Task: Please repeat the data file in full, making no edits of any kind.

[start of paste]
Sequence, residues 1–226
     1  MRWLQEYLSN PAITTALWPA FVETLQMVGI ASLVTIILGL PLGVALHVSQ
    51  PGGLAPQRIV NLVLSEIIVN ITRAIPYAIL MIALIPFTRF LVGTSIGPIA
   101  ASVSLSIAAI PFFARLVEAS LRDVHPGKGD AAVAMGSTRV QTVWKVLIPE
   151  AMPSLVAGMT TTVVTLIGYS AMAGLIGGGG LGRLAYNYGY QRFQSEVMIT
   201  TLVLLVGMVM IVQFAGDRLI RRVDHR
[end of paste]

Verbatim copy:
Sequence, residues 1–226
     1  MRWLQEYLSN PAITTALWPA FVETLQMVGI ASLVTIILGL PLGVALHVSQ
    51  PGGLAPQRIV NLVLSEIIVN ITRAIPYAIL MIALIPFTRF LVGTSIGPIA
   101  ASVSLSIAAI PFFARLVEAS LRDVHPGKGD AAVAMGSTRV QTVWKVLIPE
   151  AMPSLVAGMT TTVVTLIGYS AMAGLIGGGG LGRLAYNYGY QRFQSEVMIT
   201  TLVLLVGMVM IVQFAGDRLI RRVDHR